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Iceland / Inspiration / Landscape / Photo Log / Photography


January 28, 2020, 10:48 p.m. — Jökulsárlón, South Coast, Iceland

When we returned from Vestrahorn, Óli, our Icelandic guide, checked the Kp index, which was heading toward three. He called a number of his contacts to see what things were like in other locations, and then announced at dinner that we were going to try for the Northern Lights.

We returned to Jökulsárlón at about 9 p.m., put on our crampons, and ventured into the night. She and I and a few others followed Gary to try a location right next to the lagoon but it turned out to be less than satisfactory. Don was on the hill above us and called down that the view was great, so we trudged up to find him with the rest of our group and about thirty others. A very quiet party.

We set up our tripods, worked out compositions — fun in the dark — tried some test exposures, and waited.

The sky was a tease. Was that a bit of green on the horizon? A bit of red? Nope, it’s gone. Green again. Bah! Faded. Too many clouds! And those #@%# headlights! Well, the Milky Way is nice…

We waited.

There’s some green…

(Nikon D850, Tamron SP 15–30mm f/2.8 Di VC USD. f/2.8, 10 sec, ISO 4000. Raw processing in DxO PhotoLab 3.1; Editing in Adobe Photoshop.)

The Author

California based fine-art photographer featuring abstract, impressionist, and minimalist seascapes — near and distant — and floral-based images. Fine-art photography can be seen at www.amagaphoto.com All original images on this blog are copyright 2018, 2019, 2020, 2021 Michael Scandling. All rights reserved. No images on this site may be copied, duplicated, reused, published, or re-purposed in any way without express permission from the copyright owner, Michael Scandling.


  1. Wow – just beautiful, Michael! I would not know how to photograph it if I ever encountered it. ..So many times we have been where the possibilities are – and I have never seen it. Not even in Greenland. Wonderful to see it through your lens – thank you!

    Liked by 1 person

  2. I know there’s a scientific basis for “northern lights,” ionized particles and sunspot activity, and all that, but I’m content to just admire it as a magical sight, what an amazing color to see in the sky. 🙂

    Liked by 2 people

  3. Excellent shot, Michael. I guess you were in the right place at the right time but also you have the technical skill to pull off a difficult shot like this.

    Liked by 2 people

  4. This looks different from other Northern lights photos I’ve seen, and I like it more. I like the barely-there landforms, and most of all, I like the way the clouds partially obscure the stars. And oh, of course, the lights themselves! Beautiful! It’s much more real than many Northern lights images look.

    Liked by 1 person

    • Thank you very much. I really appreciate that. Óli gave very good advice both on exposure and post processing. Of course ultimately it’s my taste. It’s just that my taste happens to coincide with his quite a bit.

      Liked by 1 person

      • That must really be helpful, being in synch with the person leading the workshop. Maybe when you catch your breath from the workshop you can describe what was particularly helpful, e.g. were there bits of advice that you would not have thought of or things you might have done differently, (and mistakenly) not being familiar with the environment.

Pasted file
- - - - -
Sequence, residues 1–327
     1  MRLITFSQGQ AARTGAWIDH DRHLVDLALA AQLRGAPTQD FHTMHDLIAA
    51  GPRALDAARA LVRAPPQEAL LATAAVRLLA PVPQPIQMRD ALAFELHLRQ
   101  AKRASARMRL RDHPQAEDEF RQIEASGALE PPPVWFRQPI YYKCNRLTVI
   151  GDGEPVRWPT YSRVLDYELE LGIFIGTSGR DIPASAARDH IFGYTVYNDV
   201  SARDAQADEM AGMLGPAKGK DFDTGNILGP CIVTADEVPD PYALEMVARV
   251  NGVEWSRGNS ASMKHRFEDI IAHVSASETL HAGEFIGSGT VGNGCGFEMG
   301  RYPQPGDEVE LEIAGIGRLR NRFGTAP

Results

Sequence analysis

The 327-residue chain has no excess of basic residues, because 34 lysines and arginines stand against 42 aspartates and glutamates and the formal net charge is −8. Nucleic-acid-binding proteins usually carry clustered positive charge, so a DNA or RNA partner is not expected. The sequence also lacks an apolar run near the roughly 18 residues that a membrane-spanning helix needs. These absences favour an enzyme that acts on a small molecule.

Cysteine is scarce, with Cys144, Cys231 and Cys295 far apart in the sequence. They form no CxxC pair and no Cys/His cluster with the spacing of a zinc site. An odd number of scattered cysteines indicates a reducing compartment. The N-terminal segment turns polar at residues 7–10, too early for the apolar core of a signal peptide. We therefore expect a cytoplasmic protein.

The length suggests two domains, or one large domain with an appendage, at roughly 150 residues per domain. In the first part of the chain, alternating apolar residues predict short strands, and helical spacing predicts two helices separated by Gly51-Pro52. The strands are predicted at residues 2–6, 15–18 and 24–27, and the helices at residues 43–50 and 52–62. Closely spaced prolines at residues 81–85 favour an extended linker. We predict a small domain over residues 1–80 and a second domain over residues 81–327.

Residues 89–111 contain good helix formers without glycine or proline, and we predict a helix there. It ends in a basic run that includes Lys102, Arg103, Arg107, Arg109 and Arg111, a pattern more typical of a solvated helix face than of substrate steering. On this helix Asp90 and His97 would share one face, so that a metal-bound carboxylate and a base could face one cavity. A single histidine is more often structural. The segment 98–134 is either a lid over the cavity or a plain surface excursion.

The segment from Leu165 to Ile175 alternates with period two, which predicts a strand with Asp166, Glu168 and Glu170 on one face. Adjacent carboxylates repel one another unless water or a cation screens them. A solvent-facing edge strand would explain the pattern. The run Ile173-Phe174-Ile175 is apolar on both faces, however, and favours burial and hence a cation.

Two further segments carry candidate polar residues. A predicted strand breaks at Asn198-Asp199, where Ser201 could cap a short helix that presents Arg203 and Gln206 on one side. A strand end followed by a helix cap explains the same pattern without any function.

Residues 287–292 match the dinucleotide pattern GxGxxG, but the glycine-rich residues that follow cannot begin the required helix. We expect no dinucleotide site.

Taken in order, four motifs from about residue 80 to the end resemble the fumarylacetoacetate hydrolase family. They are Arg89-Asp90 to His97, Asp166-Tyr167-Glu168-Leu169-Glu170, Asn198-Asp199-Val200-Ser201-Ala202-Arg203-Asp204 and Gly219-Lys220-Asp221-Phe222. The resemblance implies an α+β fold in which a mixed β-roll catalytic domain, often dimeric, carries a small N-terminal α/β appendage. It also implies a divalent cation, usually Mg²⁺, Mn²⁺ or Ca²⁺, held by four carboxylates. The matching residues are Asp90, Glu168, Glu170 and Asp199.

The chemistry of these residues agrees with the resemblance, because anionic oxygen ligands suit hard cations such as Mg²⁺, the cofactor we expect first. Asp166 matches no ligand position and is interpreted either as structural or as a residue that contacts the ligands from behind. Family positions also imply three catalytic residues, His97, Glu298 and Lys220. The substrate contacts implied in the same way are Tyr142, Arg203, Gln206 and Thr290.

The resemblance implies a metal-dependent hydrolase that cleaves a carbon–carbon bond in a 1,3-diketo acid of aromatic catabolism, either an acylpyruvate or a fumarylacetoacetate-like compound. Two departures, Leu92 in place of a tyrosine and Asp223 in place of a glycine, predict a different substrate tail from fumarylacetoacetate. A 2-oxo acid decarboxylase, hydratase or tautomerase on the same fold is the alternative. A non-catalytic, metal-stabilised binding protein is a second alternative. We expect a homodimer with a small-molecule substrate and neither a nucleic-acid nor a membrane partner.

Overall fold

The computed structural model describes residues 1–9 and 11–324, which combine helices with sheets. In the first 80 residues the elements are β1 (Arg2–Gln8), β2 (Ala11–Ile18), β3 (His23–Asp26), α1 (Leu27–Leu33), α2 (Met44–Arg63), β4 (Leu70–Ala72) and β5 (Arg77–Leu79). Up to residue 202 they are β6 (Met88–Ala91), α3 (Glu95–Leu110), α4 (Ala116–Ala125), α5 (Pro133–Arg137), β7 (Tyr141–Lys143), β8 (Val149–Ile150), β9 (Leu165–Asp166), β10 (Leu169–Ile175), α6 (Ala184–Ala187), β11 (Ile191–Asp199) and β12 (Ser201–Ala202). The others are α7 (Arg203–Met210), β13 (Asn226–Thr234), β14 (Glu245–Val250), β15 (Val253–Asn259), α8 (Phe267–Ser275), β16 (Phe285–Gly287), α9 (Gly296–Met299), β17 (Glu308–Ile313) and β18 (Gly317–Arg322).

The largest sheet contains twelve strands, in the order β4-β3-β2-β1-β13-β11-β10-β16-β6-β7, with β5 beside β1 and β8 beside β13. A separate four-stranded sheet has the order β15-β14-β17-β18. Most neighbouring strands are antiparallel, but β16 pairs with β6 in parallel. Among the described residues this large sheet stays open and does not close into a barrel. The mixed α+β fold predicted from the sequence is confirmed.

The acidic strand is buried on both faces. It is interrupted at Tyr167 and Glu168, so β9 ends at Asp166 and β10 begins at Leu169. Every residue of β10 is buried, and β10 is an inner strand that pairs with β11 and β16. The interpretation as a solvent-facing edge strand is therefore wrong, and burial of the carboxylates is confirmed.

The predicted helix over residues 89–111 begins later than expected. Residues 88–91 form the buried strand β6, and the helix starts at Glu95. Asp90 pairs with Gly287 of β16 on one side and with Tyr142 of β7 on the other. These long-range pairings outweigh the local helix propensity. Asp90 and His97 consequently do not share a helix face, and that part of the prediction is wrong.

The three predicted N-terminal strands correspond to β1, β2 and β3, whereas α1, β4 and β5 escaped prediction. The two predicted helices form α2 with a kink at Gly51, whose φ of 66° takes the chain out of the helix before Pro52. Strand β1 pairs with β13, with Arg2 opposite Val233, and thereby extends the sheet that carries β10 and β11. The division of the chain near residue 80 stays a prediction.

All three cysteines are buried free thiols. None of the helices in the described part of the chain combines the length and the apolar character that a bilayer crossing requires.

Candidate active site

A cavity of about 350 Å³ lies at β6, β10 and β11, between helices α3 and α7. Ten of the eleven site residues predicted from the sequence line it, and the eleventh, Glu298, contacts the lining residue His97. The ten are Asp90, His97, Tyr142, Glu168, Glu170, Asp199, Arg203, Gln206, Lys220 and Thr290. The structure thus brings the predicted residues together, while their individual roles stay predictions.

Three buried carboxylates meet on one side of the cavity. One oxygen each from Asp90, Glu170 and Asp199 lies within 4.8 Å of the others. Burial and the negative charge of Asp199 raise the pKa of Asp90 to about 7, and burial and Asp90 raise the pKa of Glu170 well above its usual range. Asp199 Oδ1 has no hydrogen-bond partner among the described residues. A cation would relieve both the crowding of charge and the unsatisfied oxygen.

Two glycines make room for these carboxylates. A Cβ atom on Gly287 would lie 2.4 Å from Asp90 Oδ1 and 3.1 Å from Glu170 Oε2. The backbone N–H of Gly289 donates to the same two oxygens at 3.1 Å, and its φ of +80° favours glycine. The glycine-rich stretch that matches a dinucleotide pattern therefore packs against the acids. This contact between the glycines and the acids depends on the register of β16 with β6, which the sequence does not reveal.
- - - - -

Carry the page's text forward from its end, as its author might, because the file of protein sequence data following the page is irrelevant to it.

Liked by 1 person

      • This was an interesting situation in that the workshop was really run by Gary Hart and Don Smith but Icelandic law required them to hire an Icelandic guide. Óli is, himself, a superb photographer. Here’s his website. https://www.olih.is
        Watch some of the videos, especially the 7 Things You Need to Know video. Gary and Don are obviously fantastic photographers in their own right but what Óli brought to the table was intimate knowledge of the territory. I found his advice on exposure and post production to be spot on, partly because it was so workable and partly because it aligned with my personal taste. He advised starting with ISO 3200 and then adjusting from there, and to try to keep shutter speeds at 10 seconds or faster. He doesn’t like starstreaks. Neither do I. I want my stars to be pinpoints, not lines or arcs. And post processing he prefers bringing the greens away from yellow green and a little bit closer to blue. So do I. And he advises lightening up the foreground but not being ham-fisted about it. I also bring the foreground a little closer to bluish, as does he. All of this results in a more subtle image. More broadly, he knew where to take us, and more importantly when to take us. We would always get to popular spots before the hordes of tourists arrived and made the shooting more difficult or impossible. One advice he gave at Vestrahorn was to put on my wellies, which I did not do, and which I regretted. I got a good shot anyway, but it would’ve been easier if I could’ve gone further out into the water. While you’re at his website, also take a look at his videos and photography basics. He has a very practical viewpoint which cuts through a lot of arbitrary nonsense.


  5. I would relish teasement to end up with this image. It’s excellent. Not that I have made anything like it or have expertise at the capture but presentation is where it’s at and this has it and plenty at that.

    Liked by 2 people

    • Thanks, Steve. This was close to the end of the trip. We were all getting antsy. The Kp index and the clouds had been teasing us the whole time. Technically, the shot is easy. Presentation: I like telling stories.

      Liked by 1 person

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